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Photo: Axios on HBO

In an interview with "Axios on HBO," Sen. Lindsey Graham, one of President Trump's most vital allies on Capitol Hill, opened the door to changing his mind on impeachment if there turns out to be what he considers a quid pro quo.

Why it matters: Graham was a fiery House prosecutor during the 1998 impeachment trial of President Clinton. Now that Graham is in the Senate, he'll vote to acquit — or remove — Trump if he's impeached by the House.

"Sure. I mean ... show me something that ... is a crime," Graham told Axios' Jonathan Swan. "If you could show me that, you know, Trump actually was engaging in a quid pro quo, outside the phone call, that would be very disturbing."

  • "As to asking China to look into Biden, that was stupid. ... Bad idea. That didn't last very long. I think that's a frustrated Trump."

But Trump's Ukraine call isn't impeachable on its own, Graham said: "I've read the transcript of the Ukrainian phone call. That's not a quid pro quo to me."

  • The interview was Tuesday, before acting White House Chief of Staff Mick Mulvaney gave Thursday's "quid pro quo" briefing.
  • Graham's spokesperson, Kevin Bishop, said Friday that Graham still has not heard or seen anything that he deems impeachable.

The big picture: Trump's loosening hold on Graham reflects the mess the president has created for himself in the past two weeks.

  • At the very time he needs a Republican fortress against impeachment, GOP lawmakers are furious at him over his rash pullback in Syria.
  • In the interview, Graham called Trump's abandonment of the Kurds "dishonorable" and a "sh*tshow."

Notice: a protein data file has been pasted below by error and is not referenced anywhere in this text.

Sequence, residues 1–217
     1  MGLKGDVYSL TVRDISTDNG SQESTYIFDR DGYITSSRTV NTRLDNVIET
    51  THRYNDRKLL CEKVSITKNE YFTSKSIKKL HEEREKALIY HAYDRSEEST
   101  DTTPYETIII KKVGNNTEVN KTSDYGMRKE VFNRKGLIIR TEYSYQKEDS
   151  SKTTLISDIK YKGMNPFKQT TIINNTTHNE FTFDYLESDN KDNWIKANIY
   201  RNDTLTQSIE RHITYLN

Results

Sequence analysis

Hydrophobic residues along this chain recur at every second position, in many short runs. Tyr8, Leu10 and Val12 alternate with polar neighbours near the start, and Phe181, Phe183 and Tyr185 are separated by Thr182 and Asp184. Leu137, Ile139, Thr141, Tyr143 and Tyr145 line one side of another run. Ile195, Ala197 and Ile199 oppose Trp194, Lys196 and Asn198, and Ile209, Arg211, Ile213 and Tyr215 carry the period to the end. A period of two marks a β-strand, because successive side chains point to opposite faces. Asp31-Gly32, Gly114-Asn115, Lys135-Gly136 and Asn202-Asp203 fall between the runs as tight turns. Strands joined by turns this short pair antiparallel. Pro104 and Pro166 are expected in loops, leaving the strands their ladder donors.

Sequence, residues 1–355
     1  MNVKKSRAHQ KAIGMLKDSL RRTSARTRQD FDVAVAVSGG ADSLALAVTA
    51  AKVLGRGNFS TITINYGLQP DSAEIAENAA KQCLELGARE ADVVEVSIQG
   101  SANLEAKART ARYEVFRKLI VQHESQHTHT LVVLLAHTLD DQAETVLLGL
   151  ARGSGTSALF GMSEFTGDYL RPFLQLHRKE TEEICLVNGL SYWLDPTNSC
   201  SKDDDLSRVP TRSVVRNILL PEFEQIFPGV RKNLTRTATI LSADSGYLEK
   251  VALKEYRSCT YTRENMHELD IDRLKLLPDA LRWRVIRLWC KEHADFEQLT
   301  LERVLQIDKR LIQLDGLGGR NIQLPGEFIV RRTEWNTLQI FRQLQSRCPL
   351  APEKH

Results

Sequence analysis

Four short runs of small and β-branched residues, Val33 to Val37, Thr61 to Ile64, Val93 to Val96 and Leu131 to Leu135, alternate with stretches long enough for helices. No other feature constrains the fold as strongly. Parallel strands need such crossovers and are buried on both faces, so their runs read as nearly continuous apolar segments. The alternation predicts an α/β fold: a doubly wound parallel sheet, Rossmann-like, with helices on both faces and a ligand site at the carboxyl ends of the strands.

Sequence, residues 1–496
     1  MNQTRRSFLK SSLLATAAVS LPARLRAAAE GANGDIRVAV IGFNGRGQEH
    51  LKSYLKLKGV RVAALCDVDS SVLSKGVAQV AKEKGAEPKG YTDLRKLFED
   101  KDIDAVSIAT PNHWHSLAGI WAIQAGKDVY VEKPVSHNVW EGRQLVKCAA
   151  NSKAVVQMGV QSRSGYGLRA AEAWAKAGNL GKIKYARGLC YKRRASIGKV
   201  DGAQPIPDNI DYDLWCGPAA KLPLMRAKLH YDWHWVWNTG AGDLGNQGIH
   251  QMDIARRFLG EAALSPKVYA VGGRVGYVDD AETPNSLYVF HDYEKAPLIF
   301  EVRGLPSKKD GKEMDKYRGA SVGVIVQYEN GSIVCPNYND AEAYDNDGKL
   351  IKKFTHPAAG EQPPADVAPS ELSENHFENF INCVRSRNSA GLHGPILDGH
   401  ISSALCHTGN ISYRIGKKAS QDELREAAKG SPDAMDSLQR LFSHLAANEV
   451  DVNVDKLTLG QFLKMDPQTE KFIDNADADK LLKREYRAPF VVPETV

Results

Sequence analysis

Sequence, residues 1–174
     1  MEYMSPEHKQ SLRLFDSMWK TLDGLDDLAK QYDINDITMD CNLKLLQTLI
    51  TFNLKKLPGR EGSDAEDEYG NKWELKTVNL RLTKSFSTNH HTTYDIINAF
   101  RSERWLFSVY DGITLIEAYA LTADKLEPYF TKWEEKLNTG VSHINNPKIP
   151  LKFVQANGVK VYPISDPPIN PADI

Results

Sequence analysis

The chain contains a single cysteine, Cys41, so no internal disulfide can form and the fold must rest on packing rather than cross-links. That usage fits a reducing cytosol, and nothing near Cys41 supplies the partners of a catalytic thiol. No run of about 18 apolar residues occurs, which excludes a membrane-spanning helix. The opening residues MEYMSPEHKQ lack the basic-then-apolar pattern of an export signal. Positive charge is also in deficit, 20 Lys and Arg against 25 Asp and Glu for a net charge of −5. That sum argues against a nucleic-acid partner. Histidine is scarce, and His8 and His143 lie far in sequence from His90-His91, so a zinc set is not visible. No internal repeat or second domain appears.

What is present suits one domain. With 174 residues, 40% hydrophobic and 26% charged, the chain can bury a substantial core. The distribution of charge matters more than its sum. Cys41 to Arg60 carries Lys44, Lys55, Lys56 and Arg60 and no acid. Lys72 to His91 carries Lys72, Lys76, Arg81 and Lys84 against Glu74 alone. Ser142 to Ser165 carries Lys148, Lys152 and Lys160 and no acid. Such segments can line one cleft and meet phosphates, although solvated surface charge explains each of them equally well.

Graham said he's changed his view of Trump's character since opposing him during the 2016 primaries:

  • "I've got to know him, and I find him to be a handful," Graham said. "I find him to be an equal opportunity abuser of people. But at the end of the day, he can be very charming and be very gracious, and I'm judging him by his conduct."

Graham, a Trump golfing companion, said he continues to support Trump's presidency because he's "a Republican. I like his domestic policies. So you play the ball as it lies."

  • "If I spent all day analyzing every tweet he issued, I'd go nuts."

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There’s a growing consensus among Americans who want President Biden to cancel student debt — but addressing the ballooning debt burden is much more complicated than it seems.

Why it matters: Student debt is stopping millions of Americans from buying homes, buying cars and starting families. And the crisis is rapidly getting worse.

Why made-for-TV moments matter during the pandemic

Photo illustration: Sarah Grillo/Axios. Photos: Erin Schaff-Pool, Biden Inaugural Committee via Getty Images

In a world where most Americans are isolated and forced to laugh, cry and mourn without friends or family by their side, viral moments can offer critical opportunities to unite the country or divide it.

Driving the news: President Biden's inauguration was produced to create several made-for-social viral moments, a tactic similar to what the Democratic National Committee and the Biden campaign pulled off during the Democratic National Convention.

Updated 10 hours ago - World

Over 3,000 detained in protests across Russia demanding Navalny's release

Russian police officers beat protestesters at a rally against of jailing of oppositon leader Alexei Navalny in Moscow on Saturday. Photo: Mikhail Svetlov/Getty Images

Police in Russia on Saturday arrested more than 3,300 people as protesters nationwide demanded that opposition leader Alexey Navalny be released from jail.

Details: Demonstrations began in the eastern regions of Russia and spread west to more than 60 cities.